Nieuws - 16 september 2004

New cola tree discovered

Dr Carel Jongkind of the Biosystematics group and colleagues from the University of Liberia have discovered a close relative of the African cola trees, which include Cola nitida and Cola acuminata. The fruits of these trees contain fibrous, bitter-tasting seeds. The stimulants in ‘cola nuts’ are used in the manufacture of various soft drinks.

The new species has been named Cola liberica and is described in the summer edition of the journal Blumea. The scientists found the tree in Sapo National Park in Central Liberia during an expedition organised by the Nationaal Herbarium Nederland and Fauna & Flora International of Cambridge, England. It is not yet known whether the Cola liberica nuts will be usable in energy drinks. Jongkind’s group and his colleagues from Liberia specialise in the taxonomy and ecology of trees and plants. To find about more about the potential uses of substances in the nuts will require research by other specialists.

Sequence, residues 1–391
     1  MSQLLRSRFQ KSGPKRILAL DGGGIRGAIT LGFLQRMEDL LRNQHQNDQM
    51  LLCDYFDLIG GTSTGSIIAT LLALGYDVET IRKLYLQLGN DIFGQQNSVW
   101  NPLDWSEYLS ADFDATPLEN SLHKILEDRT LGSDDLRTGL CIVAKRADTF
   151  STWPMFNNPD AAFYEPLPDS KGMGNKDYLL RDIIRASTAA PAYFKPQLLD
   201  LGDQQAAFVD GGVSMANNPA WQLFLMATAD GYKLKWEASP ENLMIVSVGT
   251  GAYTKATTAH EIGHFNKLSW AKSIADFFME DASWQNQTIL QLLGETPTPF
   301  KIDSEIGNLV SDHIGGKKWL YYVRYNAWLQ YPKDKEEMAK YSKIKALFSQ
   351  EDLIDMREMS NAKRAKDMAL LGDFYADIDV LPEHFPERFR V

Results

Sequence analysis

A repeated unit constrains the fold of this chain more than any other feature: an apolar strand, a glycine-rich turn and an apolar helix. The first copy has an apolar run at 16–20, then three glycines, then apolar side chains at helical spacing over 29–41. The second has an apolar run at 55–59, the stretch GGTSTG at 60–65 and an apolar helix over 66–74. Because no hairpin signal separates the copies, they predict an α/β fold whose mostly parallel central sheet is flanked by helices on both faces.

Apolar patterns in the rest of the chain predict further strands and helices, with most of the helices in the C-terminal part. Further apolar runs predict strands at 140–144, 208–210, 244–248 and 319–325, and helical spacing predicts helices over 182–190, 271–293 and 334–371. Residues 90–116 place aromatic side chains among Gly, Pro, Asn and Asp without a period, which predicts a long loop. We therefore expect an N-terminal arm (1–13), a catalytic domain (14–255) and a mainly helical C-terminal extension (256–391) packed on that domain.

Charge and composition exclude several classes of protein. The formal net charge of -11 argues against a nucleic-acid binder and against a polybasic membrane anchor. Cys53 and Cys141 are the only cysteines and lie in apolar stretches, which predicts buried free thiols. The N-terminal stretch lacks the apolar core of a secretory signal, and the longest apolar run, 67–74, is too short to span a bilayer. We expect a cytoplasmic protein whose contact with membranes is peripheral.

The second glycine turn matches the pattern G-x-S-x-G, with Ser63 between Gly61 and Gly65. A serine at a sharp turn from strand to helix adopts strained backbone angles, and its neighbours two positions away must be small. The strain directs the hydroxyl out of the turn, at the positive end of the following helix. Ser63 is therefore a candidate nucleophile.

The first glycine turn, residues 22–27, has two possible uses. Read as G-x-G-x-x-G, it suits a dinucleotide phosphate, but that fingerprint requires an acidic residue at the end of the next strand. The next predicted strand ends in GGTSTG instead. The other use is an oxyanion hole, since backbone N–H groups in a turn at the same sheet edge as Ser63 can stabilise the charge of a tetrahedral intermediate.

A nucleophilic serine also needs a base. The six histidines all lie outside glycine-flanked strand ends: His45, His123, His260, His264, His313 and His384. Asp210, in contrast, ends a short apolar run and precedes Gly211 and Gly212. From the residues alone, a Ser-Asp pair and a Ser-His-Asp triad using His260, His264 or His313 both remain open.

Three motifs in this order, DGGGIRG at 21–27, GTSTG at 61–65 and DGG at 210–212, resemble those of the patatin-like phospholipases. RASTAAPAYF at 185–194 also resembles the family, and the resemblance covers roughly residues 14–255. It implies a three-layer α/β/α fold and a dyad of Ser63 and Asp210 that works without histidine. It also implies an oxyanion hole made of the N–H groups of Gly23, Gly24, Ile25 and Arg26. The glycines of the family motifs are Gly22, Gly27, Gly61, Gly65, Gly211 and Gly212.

Jongkind comments that the botanical biodiversity in this part of Liberia is very high for tropical Africa. ‘Within two weeks we had collected 354 different plants and these are now available for research in the herbarium in Wageningen. Among them there are various new plant species. Unfortunately we were not able to leave any specimens behind, because the national herbarium in Liberia burnt down during the civil war.’

The taxonomists want to return to the Sapo National Park but have to wait for the all clear from United Nations Peacekeeping Force there, UNMIL. Jongkind: ‘We’d really like to do research in western Liberia, near the border with Sierra Leone. Once the political situation has calmed down we hope to help with the restoration of our counterpart at the University of Monrovia, using EU and Dutch money.’ / HB